a small retrospective
Exhibition organized by Tatiana Istomina
April 5, 2013 through May 11, 2013
Reception: Friday, April 5, 6-8pm
Art Palace is proud to present the first retrospective of Alissa Blumenthal (1899-1995), an important under-appreciated American painter of the 20th-century, whose work has received increasing attention since its rediscovery in 2011. The exhibition is organized by Tatiana Istomina.
Alissa Blumenthal’s essential subject was time: the physical time measured by how long it takes paint to dry or a hand to trace a line across a piece of paper; the biological time of Alissa’s daily existence, registered with obsessive precision in her diaries; the historical time of changing political regimes and art movements in Europe and America; and her special interest – the metaphysical time, declared linear and absolute by some philosophical systems, and circular, changeable or imaginary, by others. Abstract art, right from the moment of its inception in and around 1914, was haunted by a dream of painting at last leaving the realm of convention behind, and attaining the immediacy of seeing and being. The dream of Alissa Blumenthal, whose career started in Europe almost simultaneously with abstract painting’s glorious beginning and ended not long after its proclaimed death in the United States, was to create abstraction that embodies the idea of temporality and defies it.
Alissa Blumenthal was born in Russia in 1899, into the family of a pharmacist. She studied art from 1920 to 1923 at Vitebsk Practical Art School, where Kazimir Malevich was one of the professors, and in 1925 emigrated to the United States to live the rest of her long and spectacularly uneventful life in New York City. During her lifetime, Alissa Blumenthal exhibited only on a few occasions. The first period of her moderate success came in the 1940s, when she had three shows in New York, the last of which received a harsh review from Clement Greenberg. Another brief period of recognition occurred in the 1970s, when the momentum of the Women’s Movement led to increased attention to female artists. By 1980 Alissa Blumenthal slipped back into obscurity; she spent the last fifteen years of her life in near isolation in a small apartment in Brooklyn.
The first retrospective of Alissa Blumenthal’s work features paintings and drawings from three distinct stages of her career. The early stage, which spanned the late 1930s and 1940s, was marked by Alissa’s success in creating an individual style that both alluded to and wrestled with her Constructivist background. In these early painting large segments of canvas are covered with thin and rigid films of color dissected by strips of white background into hard-edge square and rectangular shapes. The power of these paintings is in the haunting imagery produced by the unpredictable drying process of pigments and solvents, as well as the opposition between the amorphous nature of paint and the rigidness of the imposed boundaries. In the second major stage of the artist’s career, which lasted from the early 1950s to the mid-1960s, she began to introduce bright colors and recognizable imagery into her compositions, including numbers and letters. Most of these paintings measure 12 x 12 inches; groups of the identical square canvases create long sequences suggestive of filmstrips. This body of work seems to respond to the new conditions of postwar America and may be considered Alissa’s personal version of Pop art. At the age of sixty she began the third phase of her career represented in this show by small works on paper dating from the late 1960s through early 1980s. The ephemeral pieces that hover uncertainly between painting and drawing combine elements of her earlier works into a new synthesis, rooted in the physical process of mark-making. Alissa’s uneasy relationship with time and with her own physicality made especially poignant by aging, is most manifest in these works, where the ever-present frame is steadily eroded by accumulations of marks and paint.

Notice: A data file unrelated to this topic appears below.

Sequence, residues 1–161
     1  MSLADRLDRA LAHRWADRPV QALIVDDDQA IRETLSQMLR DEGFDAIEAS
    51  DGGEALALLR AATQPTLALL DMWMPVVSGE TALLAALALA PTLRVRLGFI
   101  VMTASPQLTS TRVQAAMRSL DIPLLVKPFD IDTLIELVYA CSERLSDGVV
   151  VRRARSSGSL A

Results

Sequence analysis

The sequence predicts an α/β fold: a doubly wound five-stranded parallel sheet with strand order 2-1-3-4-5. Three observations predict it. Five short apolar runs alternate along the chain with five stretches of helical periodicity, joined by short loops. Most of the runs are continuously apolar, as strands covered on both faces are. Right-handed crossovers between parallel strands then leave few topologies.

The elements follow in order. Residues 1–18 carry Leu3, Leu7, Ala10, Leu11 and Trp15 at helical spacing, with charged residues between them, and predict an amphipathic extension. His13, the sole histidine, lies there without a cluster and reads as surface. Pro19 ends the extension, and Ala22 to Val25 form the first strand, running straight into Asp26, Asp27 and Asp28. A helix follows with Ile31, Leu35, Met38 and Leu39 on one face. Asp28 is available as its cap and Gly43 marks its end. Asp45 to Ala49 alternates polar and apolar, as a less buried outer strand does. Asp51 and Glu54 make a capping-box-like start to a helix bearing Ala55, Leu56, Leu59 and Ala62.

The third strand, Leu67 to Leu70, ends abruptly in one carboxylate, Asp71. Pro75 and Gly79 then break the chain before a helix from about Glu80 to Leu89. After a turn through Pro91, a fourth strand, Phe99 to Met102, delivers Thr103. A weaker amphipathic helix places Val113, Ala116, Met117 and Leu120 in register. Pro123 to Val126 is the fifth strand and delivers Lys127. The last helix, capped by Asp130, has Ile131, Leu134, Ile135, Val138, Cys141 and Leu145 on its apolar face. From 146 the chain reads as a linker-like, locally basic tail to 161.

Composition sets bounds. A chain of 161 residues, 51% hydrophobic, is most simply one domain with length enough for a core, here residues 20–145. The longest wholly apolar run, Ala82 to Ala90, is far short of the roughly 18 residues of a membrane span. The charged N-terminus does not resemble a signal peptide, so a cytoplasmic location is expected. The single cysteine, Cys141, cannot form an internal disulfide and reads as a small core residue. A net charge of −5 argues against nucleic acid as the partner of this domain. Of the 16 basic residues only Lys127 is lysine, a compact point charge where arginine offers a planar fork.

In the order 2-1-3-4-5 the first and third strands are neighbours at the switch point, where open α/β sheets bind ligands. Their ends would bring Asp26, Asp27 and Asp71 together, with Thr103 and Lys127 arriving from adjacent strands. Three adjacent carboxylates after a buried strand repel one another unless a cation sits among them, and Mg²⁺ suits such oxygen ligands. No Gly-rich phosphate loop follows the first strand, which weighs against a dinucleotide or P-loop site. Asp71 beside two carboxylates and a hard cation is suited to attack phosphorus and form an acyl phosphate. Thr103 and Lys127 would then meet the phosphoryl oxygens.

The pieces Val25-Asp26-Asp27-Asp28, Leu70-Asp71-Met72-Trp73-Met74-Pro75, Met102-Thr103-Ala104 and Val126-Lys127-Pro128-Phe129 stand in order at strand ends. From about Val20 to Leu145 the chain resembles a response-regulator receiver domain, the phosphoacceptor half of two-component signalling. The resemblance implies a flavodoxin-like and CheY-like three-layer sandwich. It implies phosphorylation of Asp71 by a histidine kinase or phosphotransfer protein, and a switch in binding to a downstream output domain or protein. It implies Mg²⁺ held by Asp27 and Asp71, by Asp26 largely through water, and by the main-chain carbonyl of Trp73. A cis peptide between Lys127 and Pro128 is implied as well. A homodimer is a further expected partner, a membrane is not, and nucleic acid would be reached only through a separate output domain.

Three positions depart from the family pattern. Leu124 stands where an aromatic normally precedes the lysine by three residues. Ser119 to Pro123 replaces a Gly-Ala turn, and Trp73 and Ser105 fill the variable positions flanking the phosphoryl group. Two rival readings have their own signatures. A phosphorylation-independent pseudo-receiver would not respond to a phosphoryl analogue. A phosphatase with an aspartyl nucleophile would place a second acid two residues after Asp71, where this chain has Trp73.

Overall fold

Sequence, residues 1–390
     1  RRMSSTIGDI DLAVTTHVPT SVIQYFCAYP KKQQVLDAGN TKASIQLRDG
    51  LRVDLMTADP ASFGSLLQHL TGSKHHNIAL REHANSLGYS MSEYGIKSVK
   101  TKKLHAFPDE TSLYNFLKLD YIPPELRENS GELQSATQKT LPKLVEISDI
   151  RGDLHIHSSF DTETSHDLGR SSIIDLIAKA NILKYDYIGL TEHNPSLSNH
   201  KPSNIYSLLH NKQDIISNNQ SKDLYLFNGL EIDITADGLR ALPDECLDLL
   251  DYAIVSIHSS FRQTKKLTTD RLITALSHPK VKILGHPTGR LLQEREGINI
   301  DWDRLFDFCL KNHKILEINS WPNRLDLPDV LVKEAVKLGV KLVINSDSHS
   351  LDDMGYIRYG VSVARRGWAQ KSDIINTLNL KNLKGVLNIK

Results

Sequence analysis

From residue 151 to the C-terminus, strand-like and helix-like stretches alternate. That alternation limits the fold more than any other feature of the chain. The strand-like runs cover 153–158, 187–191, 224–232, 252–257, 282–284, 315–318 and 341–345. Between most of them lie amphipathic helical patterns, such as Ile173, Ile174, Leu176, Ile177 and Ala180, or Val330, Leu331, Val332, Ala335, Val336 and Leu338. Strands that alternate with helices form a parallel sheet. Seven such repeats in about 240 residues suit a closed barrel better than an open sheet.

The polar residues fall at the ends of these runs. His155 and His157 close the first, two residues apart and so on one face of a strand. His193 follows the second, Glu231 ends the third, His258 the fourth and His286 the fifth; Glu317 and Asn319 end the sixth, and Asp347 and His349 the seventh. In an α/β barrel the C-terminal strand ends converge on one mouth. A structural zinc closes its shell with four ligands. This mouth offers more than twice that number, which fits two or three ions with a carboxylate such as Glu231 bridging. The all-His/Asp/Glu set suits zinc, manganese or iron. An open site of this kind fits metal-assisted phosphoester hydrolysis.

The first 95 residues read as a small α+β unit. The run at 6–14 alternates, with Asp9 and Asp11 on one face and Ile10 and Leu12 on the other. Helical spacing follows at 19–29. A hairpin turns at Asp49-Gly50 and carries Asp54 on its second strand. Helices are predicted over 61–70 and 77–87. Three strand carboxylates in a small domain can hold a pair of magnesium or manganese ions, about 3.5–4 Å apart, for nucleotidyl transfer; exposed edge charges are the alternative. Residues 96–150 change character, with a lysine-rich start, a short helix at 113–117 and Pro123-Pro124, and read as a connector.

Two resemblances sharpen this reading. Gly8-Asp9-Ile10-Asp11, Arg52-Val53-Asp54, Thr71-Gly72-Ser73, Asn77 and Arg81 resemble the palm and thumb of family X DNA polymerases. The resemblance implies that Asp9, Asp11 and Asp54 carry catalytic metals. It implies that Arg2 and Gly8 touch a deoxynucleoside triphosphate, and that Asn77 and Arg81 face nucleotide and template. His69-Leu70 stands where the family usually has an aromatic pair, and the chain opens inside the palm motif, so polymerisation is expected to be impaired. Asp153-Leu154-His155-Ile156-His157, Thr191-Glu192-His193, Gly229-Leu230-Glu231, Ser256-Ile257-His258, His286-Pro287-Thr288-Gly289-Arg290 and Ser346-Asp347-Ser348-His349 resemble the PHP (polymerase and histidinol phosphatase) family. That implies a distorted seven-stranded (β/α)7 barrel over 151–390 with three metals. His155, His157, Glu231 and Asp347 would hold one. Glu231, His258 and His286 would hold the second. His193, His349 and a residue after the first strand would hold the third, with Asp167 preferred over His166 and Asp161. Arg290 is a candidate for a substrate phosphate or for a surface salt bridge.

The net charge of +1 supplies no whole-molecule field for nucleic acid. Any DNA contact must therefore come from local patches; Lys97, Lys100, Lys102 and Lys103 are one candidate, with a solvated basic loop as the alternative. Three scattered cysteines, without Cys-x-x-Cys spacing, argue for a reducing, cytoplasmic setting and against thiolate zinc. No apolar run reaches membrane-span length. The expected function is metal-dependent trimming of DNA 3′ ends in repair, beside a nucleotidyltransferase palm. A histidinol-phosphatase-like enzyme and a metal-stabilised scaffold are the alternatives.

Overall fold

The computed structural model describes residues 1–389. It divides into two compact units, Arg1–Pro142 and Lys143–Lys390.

Alissa Blumenthal made her work in a self-imposed atmosphere of sheltering isolation that was both creatively confining and indispensable to her artistic development. Now that her practice has surfaced in the art world again, it seems appropriate to find a place for it that acknowledges both its similarities and its differences from the canon. Whether we still share the belief in the promise of abstraction as the vehicle of the sublime or dismiss it as one of the many illusions of High Modernism, Alissa Blumenthal’s works remain indelible vestiges of her particular existence and faith in painting.
Tatiana Istomina is an artist, whose practice consists of painting, drawing and video. Many of her projects are constructed around fictional characters, of which Alissa Blumenthal is the most recent as well as the most fully developed. Istomina holds a PhD in geophysics from Yale University (2010) and MFA from Parsons New School (2011). Her works have been shown in the US, Russia and Canada; in 2010 she had a solo show at the Janus Project. She received multiple awards, including the AAF prize for fine arts (2012), and was nominated for a Dedalus foundation fellowship (2010) and the Kandinsky prize (2012). She has completed several artist residencies and is currently a resident at the Core program.